The Forgotton Weapons blog got a hold of photos of one of gun history’s most successful failures. The Steyr GB, produced for a limited time in the U.S. by LES Incorporated as the Rogak P-18, was revolutionary in more ways than one.
Not only was it a truly high-capacity 9mm handgun, feeding from 18-round magazines, the highest at the time, it used an inspired gas-delayed blowback operation that used the barrel as a gas piston.
The GB, German for gas bremse, or gas-braked, had a flanged, ringed barrel. The flanged portion was ported at the front allowing gas from the barrel into the barrel bushing which braked the slide’s blowback momentum. This allowed the GB to fix the barrel to the stainless steel frame, resulting in a very accurate handgun.
Designed in 1968 as a modern replacement for Austria’s aging military sidearms, Steyr licensed production of the GB to the LES corporation, who produced them in Illinois for the consumer market throughout the 1970s. However, the American firm did not manufacture them to the correct tolerances, and the Rogak P-18 suffered major reliability problems. Steyr sued LES and eventually halted their production in 1980, at which point they took over their manufacture.
That same year, the Austrian military issued a formal request for small arms manufacturers to develop a replacement for their World War II-era Walther P38s. With production back under Steyr’s control, the GB was poised to be the latest and greatest handgun to go into service. Unfortunately for Steyr, they weren’t the only company out innovating.
“Steyr expected the GB to be a shoo-in for the Austrian military contract, as it was well understood that a domestic Austrian design would receive preferential consideration. However, a no-name bayonet supplier named Gaston Glock appeared out of nowhere and won the military trials with his polymer-framed G17.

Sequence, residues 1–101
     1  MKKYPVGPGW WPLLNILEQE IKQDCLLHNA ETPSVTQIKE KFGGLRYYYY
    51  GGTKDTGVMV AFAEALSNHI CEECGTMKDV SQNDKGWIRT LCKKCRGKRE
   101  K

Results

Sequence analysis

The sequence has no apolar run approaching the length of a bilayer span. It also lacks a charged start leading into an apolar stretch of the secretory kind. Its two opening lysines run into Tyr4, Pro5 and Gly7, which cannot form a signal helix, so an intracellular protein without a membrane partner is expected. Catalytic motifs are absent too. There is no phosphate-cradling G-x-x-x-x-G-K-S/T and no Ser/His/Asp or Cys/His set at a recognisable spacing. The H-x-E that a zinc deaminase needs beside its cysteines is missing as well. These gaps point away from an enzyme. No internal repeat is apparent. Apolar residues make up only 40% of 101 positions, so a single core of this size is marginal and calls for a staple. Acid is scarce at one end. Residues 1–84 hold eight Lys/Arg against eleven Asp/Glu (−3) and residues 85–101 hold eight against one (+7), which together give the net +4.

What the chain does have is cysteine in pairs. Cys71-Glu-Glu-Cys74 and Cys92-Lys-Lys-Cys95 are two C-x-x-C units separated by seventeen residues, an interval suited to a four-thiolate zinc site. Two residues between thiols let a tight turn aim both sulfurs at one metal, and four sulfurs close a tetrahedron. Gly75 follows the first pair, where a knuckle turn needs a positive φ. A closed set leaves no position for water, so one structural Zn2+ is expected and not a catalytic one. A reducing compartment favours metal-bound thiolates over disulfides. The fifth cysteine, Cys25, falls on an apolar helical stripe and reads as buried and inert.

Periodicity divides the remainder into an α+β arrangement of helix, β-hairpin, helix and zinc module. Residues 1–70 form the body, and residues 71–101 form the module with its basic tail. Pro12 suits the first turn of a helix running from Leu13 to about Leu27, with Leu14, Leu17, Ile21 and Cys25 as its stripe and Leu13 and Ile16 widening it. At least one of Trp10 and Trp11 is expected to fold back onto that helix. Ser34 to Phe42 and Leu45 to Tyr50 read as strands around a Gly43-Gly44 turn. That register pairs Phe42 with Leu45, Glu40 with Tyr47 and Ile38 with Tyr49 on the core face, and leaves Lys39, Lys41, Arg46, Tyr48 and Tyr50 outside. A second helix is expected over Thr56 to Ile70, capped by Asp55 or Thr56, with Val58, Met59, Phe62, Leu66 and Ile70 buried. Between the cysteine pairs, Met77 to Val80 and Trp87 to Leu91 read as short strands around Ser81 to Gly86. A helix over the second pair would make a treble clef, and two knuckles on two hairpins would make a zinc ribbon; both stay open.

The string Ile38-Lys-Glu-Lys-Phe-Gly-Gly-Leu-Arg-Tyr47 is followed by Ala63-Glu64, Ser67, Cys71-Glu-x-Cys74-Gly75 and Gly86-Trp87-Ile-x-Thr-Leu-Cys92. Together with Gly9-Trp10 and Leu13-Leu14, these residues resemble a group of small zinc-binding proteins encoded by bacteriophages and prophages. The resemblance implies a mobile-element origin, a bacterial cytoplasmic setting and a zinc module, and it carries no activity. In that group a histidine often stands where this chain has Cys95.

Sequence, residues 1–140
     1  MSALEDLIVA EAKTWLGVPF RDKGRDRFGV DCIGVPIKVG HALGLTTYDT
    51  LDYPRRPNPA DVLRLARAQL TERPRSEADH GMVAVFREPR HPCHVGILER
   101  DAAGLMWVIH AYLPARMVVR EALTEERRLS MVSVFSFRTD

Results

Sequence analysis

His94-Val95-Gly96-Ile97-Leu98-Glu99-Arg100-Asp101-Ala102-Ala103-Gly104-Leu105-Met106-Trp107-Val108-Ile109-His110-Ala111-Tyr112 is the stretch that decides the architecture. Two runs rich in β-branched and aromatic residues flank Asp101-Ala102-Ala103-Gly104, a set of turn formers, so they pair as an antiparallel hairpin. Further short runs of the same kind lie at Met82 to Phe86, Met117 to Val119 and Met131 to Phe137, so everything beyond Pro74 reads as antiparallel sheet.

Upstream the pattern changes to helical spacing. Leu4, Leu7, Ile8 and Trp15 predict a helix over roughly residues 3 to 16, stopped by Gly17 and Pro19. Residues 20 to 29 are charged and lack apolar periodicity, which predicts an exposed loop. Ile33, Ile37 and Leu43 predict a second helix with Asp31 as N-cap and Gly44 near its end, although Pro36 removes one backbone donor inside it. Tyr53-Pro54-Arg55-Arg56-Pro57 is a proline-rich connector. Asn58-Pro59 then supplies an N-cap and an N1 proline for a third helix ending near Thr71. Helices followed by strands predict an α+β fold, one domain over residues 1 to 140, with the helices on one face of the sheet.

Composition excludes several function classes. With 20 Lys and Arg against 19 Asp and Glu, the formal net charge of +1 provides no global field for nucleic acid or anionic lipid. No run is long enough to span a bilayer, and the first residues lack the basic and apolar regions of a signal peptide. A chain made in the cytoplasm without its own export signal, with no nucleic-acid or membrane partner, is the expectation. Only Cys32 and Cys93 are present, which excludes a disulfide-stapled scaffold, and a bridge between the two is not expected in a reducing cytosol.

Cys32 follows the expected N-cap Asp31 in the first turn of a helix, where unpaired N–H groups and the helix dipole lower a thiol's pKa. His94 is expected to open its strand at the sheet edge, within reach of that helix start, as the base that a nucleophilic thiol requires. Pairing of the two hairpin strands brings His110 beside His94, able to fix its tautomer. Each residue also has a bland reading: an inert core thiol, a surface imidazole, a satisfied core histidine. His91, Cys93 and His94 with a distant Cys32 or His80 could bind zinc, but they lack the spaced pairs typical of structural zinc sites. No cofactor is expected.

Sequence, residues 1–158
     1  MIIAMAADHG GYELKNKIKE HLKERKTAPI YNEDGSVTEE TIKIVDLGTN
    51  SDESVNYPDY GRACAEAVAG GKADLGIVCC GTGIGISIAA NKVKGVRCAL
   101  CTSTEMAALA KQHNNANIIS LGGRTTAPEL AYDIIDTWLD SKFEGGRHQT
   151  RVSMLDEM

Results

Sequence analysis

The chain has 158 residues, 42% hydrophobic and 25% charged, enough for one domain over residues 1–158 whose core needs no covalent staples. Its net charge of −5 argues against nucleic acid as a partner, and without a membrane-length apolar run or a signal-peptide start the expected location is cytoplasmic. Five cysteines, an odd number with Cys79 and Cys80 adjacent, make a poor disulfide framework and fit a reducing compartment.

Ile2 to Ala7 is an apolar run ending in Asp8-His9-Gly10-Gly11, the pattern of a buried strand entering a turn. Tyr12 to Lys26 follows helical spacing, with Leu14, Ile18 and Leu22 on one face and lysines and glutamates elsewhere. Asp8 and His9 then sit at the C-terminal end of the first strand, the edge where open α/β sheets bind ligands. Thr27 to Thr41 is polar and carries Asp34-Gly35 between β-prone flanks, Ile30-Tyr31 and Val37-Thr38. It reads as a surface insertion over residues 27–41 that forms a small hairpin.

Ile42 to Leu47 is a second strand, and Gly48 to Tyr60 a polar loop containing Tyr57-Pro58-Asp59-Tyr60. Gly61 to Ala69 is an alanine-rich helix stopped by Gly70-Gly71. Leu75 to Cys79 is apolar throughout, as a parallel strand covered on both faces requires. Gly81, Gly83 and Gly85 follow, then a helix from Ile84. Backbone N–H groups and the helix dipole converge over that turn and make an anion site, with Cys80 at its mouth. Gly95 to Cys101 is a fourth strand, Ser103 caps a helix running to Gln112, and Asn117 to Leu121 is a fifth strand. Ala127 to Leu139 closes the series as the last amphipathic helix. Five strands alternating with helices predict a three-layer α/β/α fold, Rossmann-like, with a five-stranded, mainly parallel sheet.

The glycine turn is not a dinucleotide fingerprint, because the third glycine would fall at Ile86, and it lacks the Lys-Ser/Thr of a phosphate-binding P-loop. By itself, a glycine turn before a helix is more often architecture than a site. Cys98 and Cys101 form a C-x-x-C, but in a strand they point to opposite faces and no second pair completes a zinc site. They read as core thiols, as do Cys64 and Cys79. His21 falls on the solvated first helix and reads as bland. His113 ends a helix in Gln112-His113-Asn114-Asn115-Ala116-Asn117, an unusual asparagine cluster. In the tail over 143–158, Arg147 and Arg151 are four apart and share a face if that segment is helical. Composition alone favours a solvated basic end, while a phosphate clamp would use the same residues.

“Steyr certainly hadn’t expected that, and they proceeded to enter the GB in the 1983 US military pistol trials—where it lost out to the Beretta 92 despite many good qualities. Steyr’s management must have found all this rather unbelievable (losing to a fellow Austrian is one thing, but Austria being beaten by the Italians?) and fell back to marketing the gun to police and civilian buyers. Sales trickled in slowly, but it never gained a major official departmental sale and by 1988 they threw in the towel and stopped manufacturing the guns.”
1988 was the last year the GB saw production. This steel-framed, double-action gas-delayed blowback pistol was at the right place at the right time, had its teething problems sorted out, and still didn’t make it very far at all. Only about 20,000 of these guns were made, never seeing commercial or military success.
While disappointing for Steyr, the company did move on and is without a doubt a player on the national and international fronts. Steyr would eventually poach Glock designer Wilhelm Bubits who would go on to design the Steyr M-series of handguns, which have been a success in both commercial and military/police circles. Steyr’s AUG rifle is without a doubt the most popular bullpup rifle in the world, and their Scout rifle set a new standard for firepower on the move.
Still, we can’t help but wonder what things may be like today if the GB took the stage instead of fading into relative obscurity. Would Glock have thrown in their towel and made steel-framed gas-delayed blowback pistols today?
Photo credit World Guns.